Tag Archives: humor

Why Not Me? by Mindy Kaling

Today was a wash, the baby woke up and threw up a few times (she’s fine now) and then when she went down for a nap I started cleaning up a bit and realized that I felt bad so I went to lay down. I’m still kind of feeling off, just tired and run down.

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In Why Not Me?, Kaling shares her ongoing journey to find contentment and excitement in her adult life, whether it’s falling in love at work, seeking new friendships in lonely places, attempting to be the first person in history to lose weight without any behavior modification whatsoever, or most important, believing that you have a place in Hollywood when you’re constantly reminded that no one looks like you.

In “How to Look Spectacular: A Starlet’s Confessions,” Kaling gives her tongue-in-cheek secrets for surefire on-camera beauty, (“Your natural hair color may be appropriate for your skin tone, but this isn’t the land of appropriate–this is Hollywood, baby. Out here, a dark-skinned woman’s traditional hair color is honey blonde.”) “Player” tells the story of Kaling being seduced and dumped by a female friend in L.A. (“I had been replaced by a younger model. And now they had matching bangs.”) In “Unlikely Leading Lady,” she muses on America’s fixation with the weight of actresses, (“Most women we see onscreen are either so thin that they’re walking clavicles or so huge that their only scenes involve them breaking furniture.”) And in “Soup Snakes,” Kaling spills some secrets on her relationship with her ex-boyfriend and close friend, B.J. Novak (“I will freely admit: my relationship with B.J. Novak is weird as hell.”)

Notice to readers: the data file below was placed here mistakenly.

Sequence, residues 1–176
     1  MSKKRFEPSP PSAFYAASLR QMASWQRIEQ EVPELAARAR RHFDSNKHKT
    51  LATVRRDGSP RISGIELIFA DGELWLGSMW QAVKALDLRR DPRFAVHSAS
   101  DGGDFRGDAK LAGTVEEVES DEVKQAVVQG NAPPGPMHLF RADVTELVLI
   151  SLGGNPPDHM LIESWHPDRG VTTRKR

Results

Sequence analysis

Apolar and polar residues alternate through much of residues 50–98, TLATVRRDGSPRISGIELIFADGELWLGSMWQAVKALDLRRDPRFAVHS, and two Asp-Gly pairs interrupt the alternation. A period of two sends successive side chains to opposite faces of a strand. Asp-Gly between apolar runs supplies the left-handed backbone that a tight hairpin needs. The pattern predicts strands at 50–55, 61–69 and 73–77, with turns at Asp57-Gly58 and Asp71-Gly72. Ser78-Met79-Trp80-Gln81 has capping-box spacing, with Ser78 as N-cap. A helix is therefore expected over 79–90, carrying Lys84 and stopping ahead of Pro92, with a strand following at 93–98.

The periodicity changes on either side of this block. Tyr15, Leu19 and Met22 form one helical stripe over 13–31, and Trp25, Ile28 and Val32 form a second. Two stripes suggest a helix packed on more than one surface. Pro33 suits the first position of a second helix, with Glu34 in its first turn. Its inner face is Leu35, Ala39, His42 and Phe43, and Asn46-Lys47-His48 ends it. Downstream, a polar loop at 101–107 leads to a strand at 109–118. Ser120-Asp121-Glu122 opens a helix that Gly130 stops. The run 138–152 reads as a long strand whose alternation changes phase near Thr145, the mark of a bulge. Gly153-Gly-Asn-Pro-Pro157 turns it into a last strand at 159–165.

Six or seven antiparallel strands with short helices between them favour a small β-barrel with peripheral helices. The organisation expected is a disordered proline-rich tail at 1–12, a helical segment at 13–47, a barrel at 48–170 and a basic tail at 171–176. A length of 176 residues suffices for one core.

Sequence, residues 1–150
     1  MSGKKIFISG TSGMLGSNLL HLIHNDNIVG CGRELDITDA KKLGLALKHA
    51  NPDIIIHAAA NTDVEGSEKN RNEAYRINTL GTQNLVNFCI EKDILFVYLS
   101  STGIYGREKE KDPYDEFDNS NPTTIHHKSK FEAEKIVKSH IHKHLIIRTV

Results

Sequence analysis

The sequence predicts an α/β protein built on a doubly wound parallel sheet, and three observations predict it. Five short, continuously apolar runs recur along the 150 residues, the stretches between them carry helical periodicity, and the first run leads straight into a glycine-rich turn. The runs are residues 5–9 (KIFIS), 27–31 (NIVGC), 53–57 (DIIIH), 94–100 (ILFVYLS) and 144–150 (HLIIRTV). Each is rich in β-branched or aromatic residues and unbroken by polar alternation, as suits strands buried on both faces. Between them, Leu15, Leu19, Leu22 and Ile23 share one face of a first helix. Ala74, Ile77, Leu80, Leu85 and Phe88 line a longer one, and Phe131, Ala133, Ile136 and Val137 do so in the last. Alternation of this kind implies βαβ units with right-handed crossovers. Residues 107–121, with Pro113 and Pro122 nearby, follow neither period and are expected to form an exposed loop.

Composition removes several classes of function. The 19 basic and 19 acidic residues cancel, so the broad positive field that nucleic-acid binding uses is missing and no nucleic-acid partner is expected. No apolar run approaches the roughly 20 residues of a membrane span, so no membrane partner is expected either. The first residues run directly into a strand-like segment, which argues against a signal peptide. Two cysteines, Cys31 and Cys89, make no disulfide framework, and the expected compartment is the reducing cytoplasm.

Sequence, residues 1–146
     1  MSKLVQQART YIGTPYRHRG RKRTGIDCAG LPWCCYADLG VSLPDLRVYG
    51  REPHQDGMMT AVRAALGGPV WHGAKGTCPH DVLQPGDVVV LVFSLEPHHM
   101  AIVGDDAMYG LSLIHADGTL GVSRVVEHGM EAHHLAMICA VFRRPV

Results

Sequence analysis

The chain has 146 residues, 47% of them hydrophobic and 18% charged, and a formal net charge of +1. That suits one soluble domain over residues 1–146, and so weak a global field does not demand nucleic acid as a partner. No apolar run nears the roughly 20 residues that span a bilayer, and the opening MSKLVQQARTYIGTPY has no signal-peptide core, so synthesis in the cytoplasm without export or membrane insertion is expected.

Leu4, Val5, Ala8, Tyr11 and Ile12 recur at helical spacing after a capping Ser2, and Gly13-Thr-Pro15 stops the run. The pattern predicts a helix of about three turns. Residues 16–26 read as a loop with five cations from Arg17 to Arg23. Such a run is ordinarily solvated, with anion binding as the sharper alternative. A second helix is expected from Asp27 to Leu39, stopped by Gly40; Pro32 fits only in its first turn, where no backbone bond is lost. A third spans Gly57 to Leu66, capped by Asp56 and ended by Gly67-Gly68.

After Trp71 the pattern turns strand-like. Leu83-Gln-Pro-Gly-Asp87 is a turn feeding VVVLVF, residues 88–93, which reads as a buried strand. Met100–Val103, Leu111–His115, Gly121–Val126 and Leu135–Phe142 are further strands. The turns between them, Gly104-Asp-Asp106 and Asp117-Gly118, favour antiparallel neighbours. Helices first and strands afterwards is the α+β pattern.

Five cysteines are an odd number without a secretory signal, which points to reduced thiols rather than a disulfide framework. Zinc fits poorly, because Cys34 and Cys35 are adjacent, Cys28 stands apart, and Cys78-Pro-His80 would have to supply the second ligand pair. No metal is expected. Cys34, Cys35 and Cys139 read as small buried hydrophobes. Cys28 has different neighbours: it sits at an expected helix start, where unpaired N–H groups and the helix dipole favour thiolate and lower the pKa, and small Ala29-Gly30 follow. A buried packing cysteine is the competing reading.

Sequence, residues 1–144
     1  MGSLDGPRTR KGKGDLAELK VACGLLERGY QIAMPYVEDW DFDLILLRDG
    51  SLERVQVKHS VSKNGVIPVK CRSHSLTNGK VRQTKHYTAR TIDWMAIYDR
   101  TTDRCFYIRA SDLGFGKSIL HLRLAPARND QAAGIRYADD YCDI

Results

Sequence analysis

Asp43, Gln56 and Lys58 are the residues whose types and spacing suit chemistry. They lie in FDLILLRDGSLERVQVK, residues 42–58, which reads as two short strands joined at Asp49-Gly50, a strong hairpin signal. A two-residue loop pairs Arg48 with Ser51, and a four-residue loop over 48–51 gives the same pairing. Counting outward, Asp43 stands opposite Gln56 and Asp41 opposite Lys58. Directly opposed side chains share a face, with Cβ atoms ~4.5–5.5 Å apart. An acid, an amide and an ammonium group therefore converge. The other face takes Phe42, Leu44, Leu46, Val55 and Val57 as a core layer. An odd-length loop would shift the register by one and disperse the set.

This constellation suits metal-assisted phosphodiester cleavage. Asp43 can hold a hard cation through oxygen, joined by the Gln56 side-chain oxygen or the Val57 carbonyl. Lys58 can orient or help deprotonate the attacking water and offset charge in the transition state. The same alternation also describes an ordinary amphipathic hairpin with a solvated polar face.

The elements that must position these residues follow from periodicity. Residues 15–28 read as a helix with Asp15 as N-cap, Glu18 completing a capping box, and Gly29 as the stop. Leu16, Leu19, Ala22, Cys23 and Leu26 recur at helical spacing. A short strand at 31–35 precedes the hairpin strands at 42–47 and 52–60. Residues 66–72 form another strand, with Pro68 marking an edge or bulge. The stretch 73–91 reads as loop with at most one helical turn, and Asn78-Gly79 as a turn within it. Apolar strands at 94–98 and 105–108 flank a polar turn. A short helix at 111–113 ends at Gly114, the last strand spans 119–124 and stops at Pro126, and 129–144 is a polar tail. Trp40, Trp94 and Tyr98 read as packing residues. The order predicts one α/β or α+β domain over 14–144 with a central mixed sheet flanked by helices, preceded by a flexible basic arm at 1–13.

Mindy turns the anxieties, the glamour, and the celebrations of her second coming-of-age into a laugh-out-loud funny collection of essays that anyone who’s ever been at a turning point in their life or career can relate to. And those who’ve never been at a turning point can skip to the parts where she talks about meeting Bradley Cooper.

I listened to the audio version of this, read by Mindy Kaling herself.

I read this as I read Mindy’s first memoir and enjoyed it and this was before I became a bit The Office fan.

This was a fun listen, although I have to admit I enjoyed her first book more. This one focused more on her work on The Mindy Project (which is understandable as that was her baby). Still, I laughed through it and wished that Mindy was one of my friends.

Rating: 3 stars. Fun but not what I was hoping for.

“Work hard, know your shit, show your shit, and then feel entitled. Listen to no one except the two smartest and kindest adults you know, and that doesn’t always mean your parents. If you do that, you will be fine.”

― Mindy Kaling, Why Not Me?

Furiously Happy by Jenny Lawson

I finally finished my work week. I am tired, expected to be exhausted, especially as I had to drag myself out of bed but at some point I got a bit of energy and I’m catching up on some stuff hoping I can sleep tonight.